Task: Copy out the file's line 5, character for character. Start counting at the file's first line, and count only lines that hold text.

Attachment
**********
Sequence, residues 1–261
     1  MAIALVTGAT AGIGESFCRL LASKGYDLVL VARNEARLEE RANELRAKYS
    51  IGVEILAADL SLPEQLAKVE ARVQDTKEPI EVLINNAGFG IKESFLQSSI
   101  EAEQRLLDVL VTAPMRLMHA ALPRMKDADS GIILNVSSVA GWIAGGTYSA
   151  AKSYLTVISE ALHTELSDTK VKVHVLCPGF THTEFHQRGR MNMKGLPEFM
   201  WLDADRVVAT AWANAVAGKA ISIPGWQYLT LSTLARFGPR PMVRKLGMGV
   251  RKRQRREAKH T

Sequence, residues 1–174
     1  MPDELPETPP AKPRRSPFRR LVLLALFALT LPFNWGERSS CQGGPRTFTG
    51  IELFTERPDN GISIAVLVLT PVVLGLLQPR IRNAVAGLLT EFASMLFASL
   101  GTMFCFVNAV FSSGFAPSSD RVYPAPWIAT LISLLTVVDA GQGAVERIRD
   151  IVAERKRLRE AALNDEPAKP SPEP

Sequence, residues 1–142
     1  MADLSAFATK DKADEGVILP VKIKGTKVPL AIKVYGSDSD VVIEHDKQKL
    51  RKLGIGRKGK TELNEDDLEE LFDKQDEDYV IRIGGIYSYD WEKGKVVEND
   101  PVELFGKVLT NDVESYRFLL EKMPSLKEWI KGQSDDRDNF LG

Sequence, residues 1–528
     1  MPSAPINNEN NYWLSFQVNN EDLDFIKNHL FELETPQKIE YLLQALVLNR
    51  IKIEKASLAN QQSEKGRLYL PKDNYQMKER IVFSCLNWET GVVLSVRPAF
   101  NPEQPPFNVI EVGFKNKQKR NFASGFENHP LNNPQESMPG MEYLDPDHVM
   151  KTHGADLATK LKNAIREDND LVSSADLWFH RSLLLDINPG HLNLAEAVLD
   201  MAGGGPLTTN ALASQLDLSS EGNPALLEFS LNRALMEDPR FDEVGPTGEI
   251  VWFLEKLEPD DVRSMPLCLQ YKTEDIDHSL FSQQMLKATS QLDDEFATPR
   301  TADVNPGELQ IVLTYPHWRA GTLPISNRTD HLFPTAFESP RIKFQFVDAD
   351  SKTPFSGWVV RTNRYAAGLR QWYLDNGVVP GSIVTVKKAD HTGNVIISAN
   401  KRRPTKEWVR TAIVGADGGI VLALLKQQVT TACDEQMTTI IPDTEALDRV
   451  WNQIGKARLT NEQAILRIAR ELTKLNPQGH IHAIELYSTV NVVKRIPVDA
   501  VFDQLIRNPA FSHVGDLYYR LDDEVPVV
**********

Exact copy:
   151  AKSYLTVISE ALHTELSDTK VKVHVLCPGF THTEFHQRGR MNMKGLPEFM